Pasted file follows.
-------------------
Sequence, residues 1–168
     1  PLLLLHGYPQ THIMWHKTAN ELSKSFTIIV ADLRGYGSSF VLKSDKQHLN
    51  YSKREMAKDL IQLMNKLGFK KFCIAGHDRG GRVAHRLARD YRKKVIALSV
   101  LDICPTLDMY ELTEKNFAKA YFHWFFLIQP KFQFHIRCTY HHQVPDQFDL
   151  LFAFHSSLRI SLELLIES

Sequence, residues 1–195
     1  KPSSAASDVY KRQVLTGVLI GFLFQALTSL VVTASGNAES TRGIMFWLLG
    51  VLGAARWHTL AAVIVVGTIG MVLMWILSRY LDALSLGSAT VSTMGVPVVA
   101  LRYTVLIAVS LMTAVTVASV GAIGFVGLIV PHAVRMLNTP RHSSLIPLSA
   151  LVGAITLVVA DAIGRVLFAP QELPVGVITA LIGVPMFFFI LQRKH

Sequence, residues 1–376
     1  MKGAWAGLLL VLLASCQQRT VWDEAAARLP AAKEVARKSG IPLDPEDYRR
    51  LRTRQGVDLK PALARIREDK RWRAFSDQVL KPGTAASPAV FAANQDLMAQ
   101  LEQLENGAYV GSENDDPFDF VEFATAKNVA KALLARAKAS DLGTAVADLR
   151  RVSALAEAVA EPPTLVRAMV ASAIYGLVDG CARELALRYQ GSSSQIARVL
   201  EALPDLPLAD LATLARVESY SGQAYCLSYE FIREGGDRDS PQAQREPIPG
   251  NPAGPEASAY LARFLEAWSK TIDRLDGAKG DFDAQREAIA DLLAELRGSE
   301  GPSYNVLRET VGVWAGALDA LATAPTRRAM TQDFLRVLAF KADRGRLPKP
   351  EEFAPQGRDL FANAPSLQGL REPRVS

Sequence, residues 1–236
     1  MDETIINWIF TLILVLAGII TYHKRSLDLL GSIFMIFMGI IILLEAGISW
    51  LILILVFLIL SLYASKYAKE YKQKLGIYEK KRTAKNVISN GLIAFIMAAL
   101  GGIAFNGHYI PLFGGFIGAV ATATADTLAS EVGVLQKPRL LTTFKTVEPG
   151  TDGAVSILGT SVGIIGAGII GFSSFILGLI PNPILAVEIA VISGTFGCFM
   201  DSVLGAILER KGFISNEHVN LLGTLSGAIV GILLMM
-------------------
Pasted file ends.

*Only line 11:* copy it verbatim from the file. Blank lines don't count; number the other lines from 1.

Sequence, residues 1–376